The Guardian | Simon Tisdall: For better or worse, America remains the world’s leading military superpower. In Washington last week, a familiar row erupted over how best that power should be used. Past targets have included Soviet Russia, al-Qaida in Afghanistan and Saddam Hussein in Iraq. Today the international bogeyman topping the White House’s to-do list is Iran.
Once again the US is in the process of deciding whether to go to war. As always, it is a tangled, messy and dishonest business. On one side, favouring punitive action, stand the Iran hawks. They include neoconservative retreads such as John Bolton, Donald Trump’s national security adviser, who championed the 2003 Iraq invasion; Mike Pompeo, a former CIA director and Christian evangelical who heads the state department; and Mike Pence, the ascetic US vice-president.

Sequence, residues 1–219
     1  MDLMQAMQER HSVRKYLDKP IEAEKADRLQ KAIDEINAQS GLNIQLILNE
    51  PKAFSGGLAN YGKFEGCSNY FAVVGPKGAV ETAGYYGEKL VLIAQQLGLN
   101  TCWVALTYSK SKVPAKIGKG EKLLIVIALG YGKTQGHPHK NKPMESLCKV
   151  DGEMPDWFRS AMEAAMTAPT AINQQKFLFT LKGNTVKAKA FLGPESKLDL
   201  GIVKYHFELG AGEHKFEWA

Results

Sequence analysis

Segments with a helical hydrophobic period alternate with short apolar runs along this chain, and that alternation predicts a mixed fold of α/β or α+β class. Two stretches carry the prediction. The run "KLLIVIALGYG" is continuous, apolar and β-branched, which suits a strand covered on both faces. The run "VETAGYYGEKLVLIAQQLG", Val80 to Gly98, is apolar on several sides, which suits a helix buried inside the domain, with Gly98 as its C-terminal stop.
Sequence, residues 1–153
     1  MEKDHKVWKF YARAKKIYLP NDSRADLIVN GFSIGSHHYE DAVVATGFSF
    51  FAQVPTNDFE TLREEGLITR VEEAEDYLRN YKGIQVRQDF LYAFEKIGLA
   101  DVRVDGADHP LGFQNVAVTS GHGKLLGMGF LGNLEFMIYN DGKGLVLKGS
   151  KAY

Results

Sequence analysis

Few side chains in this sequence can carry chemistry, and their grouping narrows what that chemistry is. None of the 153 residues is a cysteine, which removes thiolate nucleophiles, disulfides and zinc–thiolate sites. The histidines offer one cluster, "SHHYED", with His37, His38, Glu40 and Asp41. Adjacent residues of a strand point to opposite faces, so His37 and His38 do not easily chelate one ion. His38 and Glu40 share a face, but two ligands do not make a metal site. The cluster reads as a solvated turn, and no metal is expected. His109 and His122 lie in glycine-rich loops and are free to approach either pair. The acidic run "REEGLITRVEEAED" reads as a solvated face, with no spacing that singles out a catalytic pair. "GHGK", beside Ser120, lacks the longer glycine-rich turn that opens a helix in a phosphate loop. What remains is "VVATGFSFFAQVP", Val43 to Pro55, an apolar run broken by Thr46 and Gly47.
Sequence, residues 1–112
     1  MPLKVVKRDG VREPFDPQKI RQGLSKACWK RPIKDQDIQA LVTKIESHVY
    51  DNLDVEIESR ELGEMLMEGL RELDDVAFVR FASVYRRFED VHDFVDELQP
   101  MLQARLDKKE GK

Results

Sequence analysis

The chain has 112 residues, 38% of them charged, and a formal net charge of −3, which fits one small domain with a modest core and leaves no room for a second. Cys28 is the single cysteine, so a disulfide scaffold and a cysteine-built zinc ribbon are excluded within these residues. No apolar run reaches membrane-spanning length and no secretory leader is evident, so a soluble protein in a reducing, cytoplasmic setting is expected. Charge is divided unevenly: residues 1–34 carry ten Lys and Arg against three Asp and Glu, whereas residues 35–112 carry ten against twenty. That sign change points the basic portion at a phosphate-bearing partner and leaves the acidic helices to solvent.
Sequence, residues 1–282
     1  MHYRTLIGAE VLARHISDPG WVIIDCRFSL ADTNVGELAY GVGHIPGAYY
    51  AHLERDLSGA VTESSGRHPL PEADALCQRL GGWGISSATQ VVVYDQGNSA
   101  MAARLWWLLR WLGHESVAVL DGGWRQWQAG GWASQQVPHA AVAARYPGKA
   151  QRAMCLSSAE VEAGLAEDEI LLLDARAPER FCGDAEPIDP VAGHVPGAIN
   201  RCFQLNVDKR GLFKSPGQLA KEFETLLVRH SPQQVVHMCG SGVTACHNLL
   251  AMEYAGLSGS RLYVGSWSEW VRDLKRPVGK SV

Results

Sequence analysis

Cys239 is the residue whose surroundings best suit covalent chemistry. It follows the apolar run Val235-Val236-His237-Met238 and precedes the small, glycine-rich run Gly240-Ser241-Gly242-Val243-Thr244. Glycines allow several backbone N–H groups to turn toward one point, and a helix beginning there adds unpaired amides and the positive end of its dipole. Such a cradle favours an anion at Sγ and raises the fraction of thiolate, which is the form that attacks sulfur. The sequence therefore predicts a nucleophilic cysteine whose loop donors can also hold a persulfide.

On the other side, opposing escalation, stand Democratic party leaders in Congress and a clutch of presidential hopefuls; sceptical Pentagon generals and security agency officials who trust Bolton as far as they can toss an IED; a majority of Washington’s more important allies in the EU and Nato; and China and Russia, which oppose American global power-plays on principle.
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